Shopping for a Tech Support Merchant Account?

Sep 16, 2016

Outsourcing is getting a lot of press, but it is still a big moneymaker. Many are looking to get into the tech support industry, but are not sure how to deal with the funding issues. Funding an outsourcing business is risky, and most merchant account processors will not deal with it. Those who will typically have stiff regulations that you need to know about beforehand. There are many things that you need to ask before you sign on with any merchant account processor – but especially if you are operating a tech support business.

First off, you need to know their stance on chargebacks. Chargebacks will occur in tech support businesses, and it is up to the merchant account provider to decide how to ultimately deal with your account. After two or three chargebacks, inexperienced merchant account providers will close an account – leaving you without anyway to accept payments. This is something that should not happen, yet it does. Be sure that your potential tech support merchant account provider understands this issue, and will not act hysterical when it happens.

Another issue comes with processing fees. Since tech support merchant accounts are considered to be high risk merchant accounts, processing fees are typically higher than other accounts. Some, such as EMB, have industry-standard processing fees, which helps you keep more money to invest back into your business. This makes everyone happy, so make sure of the processing fees before you sign on with a tech support merchant account provider.

Perhaps the biggest issue comes from the acceptance of foreign funds. This happens often with tech support companies, and some merchant accounts can flag these charges as fraudulent – or put a hold on your account. Be sure that they understand the type of business that you operate, because you cannot risk having a hold on your account.

Finding a cooperative and educated tech support merchant account can be tough, but it is worth the search. Be sure to ask questions before you sign on the dotted line, because the wrong merchant account provider can cause you a lot of heartache for your company.

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Having a merchant account allows an account holder to take advantage of merchant cash advances. When a merchant is approved for an advance, the business agrees to receive a lump sum of cash in exchange for an agreed-upon percentage of future credit card sales.

Pricing varies depending on the merchant’s industry, past credit card processing history, the type of business seeking the account, average ticket sales, and average transaction volumes.

Yes, EMB works with merchants who are building their credit, as well as those who have poor credit. EMB also approves merchants that have no credit card processing history and businesses that have lost their merchant accounts due to high chargebacks.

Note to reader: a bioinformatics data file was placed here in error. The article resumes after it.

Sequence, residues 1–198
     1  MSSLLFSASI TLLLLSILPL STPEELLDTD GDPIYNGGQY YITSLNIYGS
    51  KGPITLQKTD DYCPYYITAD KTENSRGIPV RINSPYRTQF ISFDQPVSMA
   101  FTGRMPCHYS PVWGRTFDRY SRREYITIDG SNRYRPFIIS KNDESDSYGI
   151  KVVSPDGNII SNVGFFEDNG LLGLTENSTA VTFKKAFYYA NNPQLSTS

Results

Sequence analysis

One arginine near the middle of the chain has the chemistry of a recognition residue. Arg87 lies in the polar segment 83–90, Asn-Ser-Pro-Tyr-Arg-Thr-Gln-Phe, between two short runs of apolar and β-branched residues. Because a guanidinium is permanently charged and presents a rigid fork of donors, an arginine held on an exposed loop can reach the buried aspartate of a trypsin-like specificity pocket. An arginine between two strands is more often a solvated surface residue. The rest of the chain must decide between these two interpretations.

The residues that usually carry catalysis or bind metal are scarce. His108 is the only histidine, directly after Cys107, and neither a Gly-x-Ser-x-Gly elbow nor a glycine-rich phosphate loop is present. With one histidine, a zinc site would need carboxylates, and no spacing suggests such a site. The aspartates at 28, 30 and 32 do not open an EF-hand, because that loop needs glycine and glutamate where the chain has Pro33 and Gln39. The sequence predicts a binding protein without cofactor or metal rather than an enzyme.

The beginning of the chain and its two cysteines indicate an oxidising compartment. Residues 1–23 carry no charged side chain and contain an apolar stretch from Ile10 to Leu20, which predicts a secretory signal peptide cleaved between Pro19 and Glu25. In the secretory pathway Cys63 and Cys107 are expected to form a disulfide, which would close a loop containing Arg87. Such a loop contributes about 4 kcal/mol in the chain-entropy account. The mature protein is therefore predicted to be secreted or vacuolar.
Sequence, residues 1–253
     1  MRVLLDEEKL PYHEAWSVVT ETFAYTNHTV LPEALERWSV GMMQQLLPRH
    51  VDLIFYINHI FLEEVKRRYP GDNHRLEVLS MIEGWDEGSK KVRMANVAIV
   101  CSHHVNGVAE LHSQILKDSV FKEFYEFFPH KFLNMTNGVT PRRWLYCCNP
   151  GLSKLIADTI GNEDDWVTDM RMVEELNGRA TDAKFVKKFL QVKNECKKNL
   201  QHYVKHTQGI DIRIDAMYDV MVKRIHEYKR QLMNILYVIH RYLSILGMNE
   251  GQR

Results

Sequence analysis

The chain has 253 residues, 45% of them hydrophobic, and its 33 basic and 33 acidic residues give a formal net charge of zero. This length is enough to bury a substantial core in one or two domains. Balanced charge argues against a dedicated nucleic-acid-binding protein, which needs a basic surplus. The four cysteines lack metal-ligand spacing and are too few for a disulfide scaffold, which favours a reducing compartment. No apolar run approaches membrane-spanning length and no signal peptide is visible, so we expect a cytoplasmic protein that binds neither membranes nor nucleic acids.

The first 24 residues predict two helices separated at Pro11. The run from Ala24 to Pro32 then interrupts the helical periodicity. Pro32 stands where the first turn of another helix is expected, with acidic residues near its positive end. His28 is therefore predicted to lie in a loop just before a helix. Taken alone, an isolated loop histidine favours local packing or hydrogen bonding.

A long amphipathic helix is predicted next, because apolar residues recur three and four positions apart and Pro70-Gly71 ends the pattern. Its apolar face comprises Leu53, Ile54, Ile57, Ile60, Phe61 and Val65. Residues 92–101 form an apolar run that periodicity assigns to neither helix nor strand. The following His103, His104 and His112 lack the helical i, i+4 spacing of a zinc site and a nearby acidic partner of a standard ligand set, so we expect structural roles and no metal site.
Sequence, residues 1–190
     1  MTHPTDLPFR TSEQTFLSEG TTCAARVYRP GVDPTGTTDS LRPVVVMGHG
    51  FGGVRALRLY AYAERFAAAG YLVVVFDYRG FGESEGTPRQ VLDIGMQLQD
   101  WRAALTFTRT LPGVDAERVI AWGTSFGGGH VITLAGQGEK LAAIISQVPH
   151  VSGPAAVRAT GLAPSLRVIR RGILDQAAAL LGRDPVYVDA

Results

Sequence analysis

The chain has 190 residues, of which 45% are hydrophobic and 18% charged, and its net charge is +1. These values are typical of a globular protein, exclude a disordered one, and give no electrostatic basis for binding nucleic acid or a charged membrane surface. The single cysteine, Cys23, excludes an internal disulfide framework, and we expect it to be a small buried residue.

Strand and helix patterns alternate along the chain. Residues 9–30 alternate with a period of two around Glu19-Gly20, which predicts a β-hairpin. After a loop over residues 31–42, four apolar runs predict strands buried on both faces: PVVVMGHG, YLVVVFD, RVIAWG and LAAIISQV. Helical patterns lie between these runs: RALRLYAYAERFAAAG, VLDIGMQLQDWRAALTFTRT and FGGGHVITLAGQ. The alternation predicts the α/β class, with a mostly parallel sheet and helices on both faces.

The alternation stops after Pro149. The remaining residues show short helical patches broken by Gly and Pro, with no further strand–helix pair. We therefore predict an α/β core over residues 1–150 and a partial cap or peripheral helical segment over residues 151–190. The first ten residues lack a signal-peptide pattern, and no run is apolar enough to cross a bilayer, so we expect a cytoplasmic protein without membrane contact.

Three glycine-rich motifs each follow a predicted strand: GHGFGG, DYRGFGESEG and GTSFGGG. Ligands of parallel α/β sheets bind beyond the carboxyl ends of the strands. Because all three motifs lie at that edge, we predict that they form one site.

Several factors influence a merchant’s risk level. Though only one factor likely will not get a merchant classified as high risk, a combination of these may: business size, location, and industry, credit score, credit card processing history, a industry’s reputation for excessive chargebacks, a prior history of high chargeback ratios, and whether a merchant exclusively sells online.

Virtual terminals are stationed on a merchant’s website, making it easy for customers to make a payment or purchase online. Merchants or a payment processor can easily set up virtual terminals, so online businesses can accept credit and debit card and e-check transactions.

A merchant account is a business account with an acquiring bank. Without this business account, which actually works more like a line of credit, a merchant cannot accept and process credit and debit card transactions. Businesses need a merchant account to accept major credit cards via a static point-of-sale terminal, mobile card reader, or through a virtual payment gateway.

After filling out EMB’s simple online application and submitting any necessary, requested documents, many merchants get approved within 24 and 48 hours.

EMB specializes in working with high-risk merchants. EMB works with many merchants, including but not limited to businesses in these industries: gambling and gaming, adult entertainment, nutraceuticals, vaping and e-cigarettes, electronics, tech support, travel, high-end furniture, weight loss programs, calling cards, e-books and software, and telecommunications.

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